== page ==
“With these simple words, Eric Holder reassured the nation that the Department of Justice will be run by someone who believes in the rule of law and in impartial justice,” Mr. Feingold said. “It is sad, of course, that this is something remarkable. But that is where the last eight years have left us.”

But Mr. Bond read something else in Mr. Holder’s private words to him.

“I made it clear that trying to prosecute political leaders would generate a political firestorm the Obama administration doesn’t need,” Mr. Bond said he told Mr. Holder.

“I was concerned about previous statements he made and others had made,” Mr. Bond said. “He gave me assurances that he would not take those steps that would cause major disruptions in our intelligence system or cause political warfare. We don’t need that kind of political warfare. He gave me assurances he is looking forward.”

Mr. Holder gave similar assurances last week in a little-noticed written response to questions from Republican Sens. Jon Kyl of Arizona and John Cornyn of Texas. Mr. Holder indicated that he would not prosecute any intelligence officers who participated in the interrogation program and who had followed Justice Department guidance.

“Prosecutorial and investigative judgments must depend on the facts and no one is above the law,” Mr. Holder wrote. “But where it is clear that a government agent has acted in ‘reasonable and good faith reliance on Justice Department legal opinions’ authoritatively permitting his conduct, I would find it difficult to justify commencing a full-blown criminal investigation, let alone a prosecution.”

Mr. Bond told The Times that Mr. Holder also pledged in a private meeting Tuesday not to reopen the issue of immunity from civil lawsuits for telecommunications companies that cooperated with the National Security Agency after the Sept. 11 attacks - another potential obstacle to the nomination among Republican senators.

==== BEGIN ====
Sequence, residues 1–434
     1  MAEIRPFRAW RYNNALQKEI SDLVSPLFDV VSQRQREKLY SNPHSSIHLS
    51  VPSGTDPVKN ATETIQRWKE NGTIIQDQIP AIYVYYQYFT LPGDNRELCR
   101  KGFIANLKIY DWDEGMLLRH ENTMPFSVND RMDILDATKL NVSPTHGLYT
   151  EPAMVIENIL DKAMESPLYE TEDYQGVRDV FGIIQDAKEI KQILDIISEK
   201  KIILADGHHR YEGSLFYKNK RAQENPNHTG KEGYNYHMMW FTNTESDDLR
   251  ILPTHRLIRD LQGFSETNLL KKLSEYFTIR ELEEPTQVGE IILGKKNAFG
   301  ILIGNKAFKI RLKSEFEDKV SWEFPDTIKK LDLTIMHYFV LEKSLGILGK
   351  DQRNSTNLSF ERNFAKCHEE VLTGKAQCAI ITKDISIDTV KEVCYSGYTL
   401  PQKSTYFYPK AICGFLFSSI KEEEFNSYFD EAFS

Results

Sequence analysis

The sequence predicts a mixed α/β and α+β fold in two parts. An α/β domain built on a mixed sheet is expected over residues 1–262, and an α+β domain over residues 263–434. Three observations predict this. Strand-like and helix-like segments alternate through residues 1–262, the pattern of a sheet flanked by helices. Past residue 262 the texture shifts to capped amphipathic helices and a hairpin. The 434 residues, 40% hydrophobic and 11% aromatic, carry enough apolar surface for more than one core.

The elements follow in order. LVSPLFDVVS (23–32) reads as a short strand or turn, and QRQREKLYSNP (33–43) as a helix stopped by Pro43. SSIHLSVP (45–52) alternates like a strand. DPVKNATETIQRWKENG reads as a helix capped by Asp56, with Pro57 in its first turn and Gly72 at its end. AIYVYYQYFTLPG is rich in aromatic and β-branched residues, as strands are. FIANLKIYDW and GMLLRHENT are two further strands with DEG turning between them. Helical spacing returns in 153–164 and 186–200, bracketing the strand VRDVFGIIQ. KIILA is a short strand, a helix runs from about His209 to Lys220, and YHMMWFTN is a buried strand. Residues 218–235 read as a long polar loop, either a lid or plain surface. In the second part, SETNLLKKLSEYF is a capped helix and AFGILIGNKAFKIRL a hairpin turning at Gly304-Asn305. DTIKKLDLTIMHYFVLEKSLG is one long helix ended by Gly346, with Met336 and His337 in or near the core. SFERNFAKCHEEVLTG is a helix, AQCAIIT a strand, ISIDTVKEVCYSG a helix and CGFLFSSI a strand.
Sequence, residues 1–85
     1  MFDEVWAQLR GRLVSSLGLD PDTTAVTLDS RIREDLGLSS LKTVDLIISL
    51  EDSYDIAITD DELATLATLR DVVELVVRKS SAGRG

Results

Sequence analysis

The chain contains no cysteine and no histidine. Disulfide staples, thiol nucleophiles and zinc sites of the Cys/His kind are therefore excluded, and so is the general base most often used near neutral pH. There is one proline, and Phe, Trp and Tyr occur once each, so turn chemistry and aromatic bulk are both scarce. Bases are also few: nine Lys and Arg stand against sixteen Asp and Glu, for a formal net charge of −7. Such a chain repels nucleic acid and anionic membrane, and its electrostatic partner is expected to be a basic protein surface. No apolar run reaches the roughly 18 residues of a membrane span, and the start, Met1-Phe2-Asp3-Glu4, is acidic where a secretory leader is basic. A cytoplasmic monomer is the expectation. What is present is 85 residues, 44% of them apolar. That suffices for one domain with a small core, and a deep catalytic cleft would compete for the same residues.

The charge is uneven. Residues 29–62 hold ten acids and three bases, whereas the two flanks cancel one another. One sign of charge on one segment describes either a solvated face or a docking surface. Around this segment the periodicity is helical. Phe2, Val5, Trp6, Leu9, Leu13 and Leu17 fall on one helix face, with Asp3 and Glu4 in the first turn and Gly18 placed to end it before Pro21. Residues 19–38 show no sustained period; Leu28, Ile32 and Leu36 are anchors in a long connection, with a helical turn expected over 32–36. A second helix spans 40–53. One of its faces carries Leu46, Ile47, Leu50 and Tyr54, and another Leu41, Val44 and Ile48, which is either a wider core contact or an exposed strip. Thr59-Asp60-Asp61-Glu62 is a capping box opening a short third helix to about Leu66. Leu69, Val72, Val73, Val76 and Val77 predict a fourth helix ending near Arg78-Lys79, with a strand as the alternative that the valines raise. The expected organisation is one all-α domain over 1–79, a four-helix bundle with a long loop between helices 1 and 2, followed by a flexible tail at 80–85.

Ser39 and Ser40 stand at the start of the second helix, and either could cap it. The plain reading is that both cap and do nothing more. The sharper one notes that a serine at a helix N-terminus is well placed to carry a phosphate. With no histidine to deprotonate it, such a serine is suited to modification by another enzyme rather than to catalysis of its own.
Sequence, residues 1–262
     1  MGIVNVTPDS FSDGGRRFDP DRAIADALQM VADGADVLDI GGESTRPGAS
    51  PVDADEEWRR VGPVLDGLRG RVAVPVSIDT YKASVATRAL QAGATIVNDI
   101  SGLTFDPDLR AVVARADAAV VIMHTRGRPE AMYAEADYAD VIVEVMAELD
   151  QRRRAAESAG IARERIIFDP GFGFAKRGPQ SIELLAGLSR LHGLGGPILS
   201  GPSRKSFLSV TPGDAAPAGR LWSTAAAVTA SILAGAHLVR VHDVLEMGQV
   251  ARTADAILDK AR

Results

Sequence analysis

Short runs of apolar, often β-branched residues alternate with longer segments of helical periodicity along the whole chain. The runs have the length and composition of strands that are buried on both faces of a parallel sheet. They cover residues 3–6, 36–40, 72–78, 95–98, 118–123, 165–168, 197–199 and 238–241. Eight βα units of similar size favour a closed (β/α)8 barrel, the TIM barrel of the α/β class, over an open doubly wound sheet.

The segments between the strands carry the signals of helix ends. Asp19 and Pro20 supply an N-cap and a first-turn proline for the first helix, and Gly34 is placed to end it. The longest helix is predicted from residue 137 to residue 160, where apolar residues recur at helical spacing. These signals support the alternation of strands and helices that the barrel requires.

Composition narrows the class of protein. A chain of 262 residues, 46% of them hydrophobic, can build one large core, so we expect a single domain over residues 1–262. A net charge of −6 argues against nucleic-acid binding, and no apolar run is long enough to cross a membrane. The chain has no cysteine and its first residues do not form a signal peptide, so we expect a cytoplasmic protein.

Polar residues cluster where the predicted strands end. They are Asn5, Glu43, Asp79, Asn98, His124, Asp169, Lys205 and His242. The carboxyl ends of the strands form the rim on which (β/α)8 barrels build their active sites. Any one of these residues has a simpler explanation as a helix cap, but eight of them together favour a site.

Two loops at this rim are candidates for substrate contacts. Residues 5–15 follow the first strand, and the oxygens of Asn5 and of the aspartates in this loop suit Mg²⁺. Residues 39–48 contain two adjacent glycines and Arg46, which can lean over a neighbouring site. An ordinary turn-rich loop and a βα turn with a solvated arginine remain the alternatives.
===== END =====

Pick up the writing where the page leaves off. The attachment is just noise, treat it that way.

Ms. Fredrickson contacted Democratic senators after news of Mr. Bond’s conversation and was told that Mr. Holder “had not committed to withholding or pursuing prosecutions of any particular case involving torture allegations.”

She added, “It’s vital to the rule of law that we have the facts before decisions regarding prosecutions occur. We’re pleased that Mr. Holder, as a nominee to be the nation’s top law enforcement agent, appears to agree.”

Mr. Holder testified for nearly eight hours last week, but Republicans said afterward that they were still unsure about whether he would seek to prosecute soldiers and intelligence officials who practiced or ordered harsh interrogation techniques.

Mr. Holder received an important boost Tuesday when Sen. Arlen Specter, Pennsylvania Republican and ranking member of the Judiciary Committee, announced he would support the nomination.

Mr. Specter called “satisfactory” Mr. Holder’s statements that interrogation techniques authorized by legal opinions would provide a strong cover from prosecutions. Mr. Specter said Mr. Holder could not make any more explicit statements without knowing the facts of specific cases.

Mr. Holder is all but certain to be confirmed by the Democrat-controlled Senate. A vote on his nomination has not been scheduled, though a spokesman for Senate Majority Leader Harry Reid, Nevada Democrat, said the chamber could vote as early as Thursday.

About the Author
Ben Conery

Ben Conery

Ben Conery is a member of the investigative team covering the Supreme Court and legal affairs. Prior to coming to The Washington Times in 2008, Mr. Conery covered criminal justice and legal affairs for daily newspapers in Connecticut and Massachusetts. He was a 2006 recipient of the New England Newspaper Association’s Publick Occurrences Award for a series of articles about ...